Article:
POETRY: The Martyrdom Of Saint Eulalia, by Federico García Lorca

(Translated from the Spanish by A. L. Lloyd.)

1. Panorama of Merida

In the street, a long-tailed horse
is galloping, rearing,
while the old soldiers of Rome
are dicing or sleeping.
Half a mountain of Minervas
opens its leafless arms.
The hanging water is gilding
the ledges of the rocks.
A night of reclining torsos
and of stars with broken muzzles
waits for crevices of dawn
into which it may tumble.
From time to time resound
the red-combed blasphemies.
Moaning, the blessed girl
breaks the crystal of the glasses.
The wheel whets the knives
and the sharp-pointed hooks.
The bull of the anvils bellows,
and Merida is crowned
with brambleberry briars
and the wakening spikenard.

II. The Martyrdom

Naked, Flora goes
up the little stairs of water.
For the breasts of Eulalia
the Consul demands a platter.
A jet of green veins
bursts from her throat.
Her sex trembles, disarrayed
like a bird in a thicket.
On the ground, unruly,
her severed hands writhe,
still crossed in a feeble
decapitated prayer.
And through the red holes
where once were her breasts,
tiny skies are now seen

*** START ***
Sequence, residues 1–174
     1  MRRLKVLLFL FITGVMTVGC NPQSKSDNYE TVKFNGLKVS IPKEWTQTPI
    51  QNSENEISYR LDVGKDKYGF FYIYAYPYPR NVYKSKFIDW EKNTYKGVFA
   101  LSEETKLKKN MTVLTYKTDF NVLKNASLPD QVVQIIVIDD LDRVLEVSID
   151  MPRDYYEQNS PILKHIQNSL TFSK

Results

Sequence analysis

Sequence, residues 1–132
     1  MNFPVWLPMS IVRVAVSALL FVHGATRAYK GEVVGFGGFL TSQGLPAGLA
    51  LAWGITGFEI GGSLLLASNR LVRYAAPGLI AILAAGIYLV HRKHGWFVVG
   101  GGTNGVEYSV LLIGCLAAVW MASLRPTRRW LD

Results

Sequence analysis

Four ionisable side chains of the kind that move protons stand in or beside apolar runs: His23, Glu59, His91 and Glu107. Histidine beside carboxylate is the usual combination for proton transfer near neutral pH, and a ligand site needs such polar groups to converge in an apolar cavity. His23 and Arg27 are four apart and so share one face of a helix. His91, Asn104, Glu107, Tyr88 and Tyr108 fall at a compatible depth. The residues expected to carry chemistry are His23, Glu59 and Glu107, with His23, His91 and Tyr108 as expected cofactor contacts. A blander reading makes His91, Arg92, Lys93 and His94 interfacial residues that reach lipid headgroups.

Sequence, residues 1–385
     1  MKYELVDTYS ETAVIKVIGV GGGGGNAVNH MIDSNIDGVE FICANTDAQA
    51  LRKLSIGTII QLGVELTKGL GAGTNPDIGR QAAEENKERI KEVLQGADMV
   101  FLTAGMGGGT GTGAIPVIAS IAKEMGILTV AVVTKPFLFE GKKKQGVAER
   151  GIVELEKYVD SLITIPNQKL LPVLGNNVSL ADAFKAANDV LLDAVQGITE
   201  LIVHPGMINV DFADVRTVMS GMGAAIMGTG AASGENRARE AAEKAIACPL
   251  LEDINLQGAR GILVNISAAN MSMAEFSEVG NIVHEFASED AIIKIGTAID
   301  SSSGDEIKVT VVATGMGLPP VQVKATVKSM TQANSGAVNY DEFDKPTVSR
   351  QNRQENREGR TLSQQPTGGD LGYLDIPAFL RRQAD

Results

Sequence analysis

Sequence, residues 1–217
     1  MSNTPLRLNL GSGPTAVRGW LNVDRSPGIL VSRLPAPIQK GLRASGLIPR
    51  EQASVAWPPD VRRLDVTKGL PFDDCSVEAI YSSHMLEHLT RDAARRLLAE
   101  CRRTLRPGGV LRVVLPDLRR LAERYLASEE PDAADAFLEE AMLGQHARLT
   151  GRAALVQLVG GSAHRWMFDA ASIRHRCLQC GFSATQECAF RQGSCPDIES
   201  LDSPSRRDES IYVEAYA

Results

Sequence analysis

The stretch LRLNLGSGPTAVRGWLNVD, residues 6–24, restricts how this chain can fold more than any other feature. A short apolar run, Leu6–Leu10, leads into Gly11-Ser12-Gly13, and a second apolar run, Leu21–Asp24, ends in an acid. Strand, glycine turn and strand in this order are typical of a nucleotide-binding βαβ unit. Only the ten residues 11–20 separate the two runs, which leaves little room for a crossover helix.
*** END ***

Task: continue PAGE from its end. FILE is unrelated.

and rivulets of white milk.
A thousand little trees of blood
cover all her back,
and oppose their moist trunks
to the scalpel of the fire.
Yellow centurions, grey-fleshed,
and sleepless in their harness,
reach the sky, clashing
the silver of their armor.
And as a passion of manes and swords
is shaking in confusion,
the Consul bears on a platter
the smoky breasts of Eulalia.

III. Hell and Glory

Here lies the undulating snow.
Eulalia hangs from the tree.
The frozen air is blackened
by her charcoal nudity.
The longdrawn night is glittering.
Eulalia dead upon the tree.
The inkwells of the cities
spill their ink slowly.
Tailors’ dummies in black
cover the snow of the fields,
in long files bemoaning
its mutilated silences.
The broken snow is falling.
Eulalia white upon the tree.
In her side, triangles
of nickel are joining their angles.

Across the burnt-out skies
there blazes a monstrance
between throats of rivulets
and branches of nightingales.
Stained-glass springs up!
Eulalia white on a white field.
Angels and seraphim are crying:
Holy. Holy. Holy.

Leave a Reply

Fill in your details below or click an icon to log in:

WordPress.com Logo

You are commenting using your WordPress.com account. Log Out /  Change )

Google photo

You are commenting using your Google account. Log Out /  Change )

Twitter picture

You are commenting using your Twitter account. Log Out /  Change )

Facebook photo

You are commenting using your Facebook account. Log Out /  Change )

Connecting to %s

%d bloggers like this: